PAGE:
The overall success of the family planning program in Mexico hides steep disparities for two key groups—young people and indigenous populations. In Chiapas, these disparities are heightened, given the large proportion of indigenous adolescents and youth. Inequality undermines universal access to sexual and reproductive health and rights, and progress requires a multipronged, sustained advocacy approach.
With one of the highest teenage pregnancy rates among the Organization for Economic Cooperation and Development (OECD) countries, Mexico established the National Strategy for Adolescent Pregnancy Prevention in 2015. Specifically related to quality and access, the strategy contains several key provisions, including updating counseling protocols to ensure adolescent and youth-friendly family planning services, training for providers to guarantee technical competence and securing sufficient budget allocation for contraceptive supplies for adolescents and youth.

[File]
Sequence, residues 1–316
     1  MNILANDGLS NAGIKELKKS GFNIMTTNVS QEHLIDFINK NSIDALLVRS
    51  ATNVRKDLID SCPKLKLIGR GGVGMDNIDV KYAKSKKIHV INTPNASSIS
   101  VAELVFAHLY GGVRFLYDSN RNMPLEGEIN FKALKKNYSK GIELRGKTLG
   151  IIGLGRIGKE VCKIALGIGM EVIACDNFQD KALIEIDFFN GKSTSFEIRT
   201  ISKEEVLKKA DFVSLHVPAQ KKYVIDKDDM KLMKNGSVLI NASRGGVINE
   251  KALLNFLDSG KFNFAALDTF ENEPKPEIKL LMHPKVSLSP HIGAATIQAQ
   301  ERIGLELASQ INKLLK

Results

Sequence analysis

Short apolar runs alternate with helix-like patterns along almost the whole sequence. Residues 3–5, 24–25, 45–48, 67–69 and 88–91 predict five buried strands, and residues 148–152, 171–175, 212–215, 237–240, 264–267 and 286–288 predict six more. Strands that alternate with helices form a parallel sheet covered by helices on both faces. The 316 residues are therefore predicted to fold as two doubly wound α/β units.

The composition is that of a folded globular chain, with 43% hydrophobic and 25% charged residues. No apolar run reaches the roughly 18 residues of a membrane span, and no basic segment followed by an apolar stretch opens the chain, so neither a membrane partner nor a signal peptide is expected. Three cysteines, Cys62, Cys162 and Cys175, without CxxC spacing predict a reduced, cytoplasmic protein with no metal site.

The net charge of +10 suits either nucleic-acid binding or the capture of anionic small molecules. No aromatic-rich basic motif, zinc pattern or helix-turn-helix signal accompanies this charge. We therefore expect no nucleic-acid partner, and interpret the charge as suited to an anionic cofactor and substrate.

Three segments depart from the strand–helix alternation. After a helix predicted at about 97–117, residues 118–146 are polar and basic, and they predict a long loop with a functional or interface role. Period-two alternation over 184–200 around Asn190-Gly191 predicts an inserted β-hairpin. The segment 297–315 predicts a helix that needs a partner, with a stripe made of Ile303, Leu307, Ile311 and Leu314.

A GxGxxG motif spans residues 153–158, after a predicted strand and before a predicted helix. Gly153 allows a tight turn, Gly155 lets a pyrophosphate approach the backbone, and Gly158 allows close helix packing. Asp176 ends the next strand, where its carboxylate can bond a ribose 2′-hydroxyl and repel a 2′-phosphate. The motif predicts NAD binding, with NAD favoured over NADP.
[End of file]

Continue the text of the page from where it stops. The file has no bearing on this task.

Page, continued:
To address the unique challenges indigenous youth face, including cultural and language barriers as well as social stigma around youth and sexuality, the Observatorio de Mortalidad Materna (OMM), supported by PAI, engaged with the government and civil society stakeholder group implementing the national strategy to advocate for the inclusion of culturally relevant policies for indigenous adolescents and youth.